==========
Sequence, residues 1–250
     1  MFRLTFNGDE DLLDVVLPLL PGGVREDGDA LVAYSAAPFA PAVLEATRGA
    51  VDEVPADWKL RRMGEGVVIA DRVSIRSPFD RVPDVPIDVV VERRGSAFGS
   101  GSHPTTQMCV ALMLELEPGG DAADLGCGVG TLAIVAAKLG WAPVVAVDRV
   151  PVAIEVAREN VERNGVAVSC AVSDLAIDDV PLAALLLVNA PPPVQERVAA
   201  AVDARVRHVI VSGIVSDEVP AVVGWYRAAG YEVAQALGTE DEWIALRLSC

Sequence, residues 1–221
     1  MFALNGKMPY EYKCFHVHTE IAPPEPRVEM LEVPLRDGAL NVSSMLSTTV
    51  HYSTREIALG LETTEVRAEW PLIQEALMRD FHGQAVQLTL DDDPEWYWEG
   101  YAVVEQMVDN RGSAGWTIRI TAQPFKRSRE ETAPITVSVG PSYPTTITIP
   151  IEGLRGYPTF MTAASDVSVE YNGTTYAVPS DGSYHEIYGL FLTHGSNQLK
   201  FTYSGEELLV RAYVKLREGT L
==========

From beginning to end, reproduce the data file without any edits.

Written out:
Sequence, residues 1–250
     1  MFRLTFNGDE DLLDVVLPLL PGGVREDGDA LVAYSAAPFA PAVLEATRGA
    51  VDEVPADWKL RRMGEGVVIA DRVSIRSPFD RVPDVPIDVV VERRGSAFGS
   101  GSHPTTQMCV ALMLELEPGG DAADLGCGVG TLAIVAAKLG WAPVVAVDRV
   151  PVAIEVAREN VERNGVAVSC AVSDLAIDDV PLAALLLVNA PPPVQERVAA
   201  AVDARVRHVI VSGIVSDEVP AVVGWYRAAG YEVAQALGTE DEWIALRLSC

Sequence, residues 1–221
     1  MFALNGKMPY EYKCFHVHTE IAPPEPRVEM LEVPLRDGAL NVSSMLSTTV
    51  HYSTREIALG LETTEVRAEW PLIQEALMRD FHGQAVQLTL DDDPEWYWEG
   101  YAVVEQMVDN RGSAGWTIRI TAQPFKRSRE ETAPITVSVG PSYPTTITIP
   151  IEGLRGYPTF MTAASDVSVE YNGTTYAVPS DGSYHEIYGL FLTHGSNQLK
   201  FTYSGEELLV RAYVKLREGT L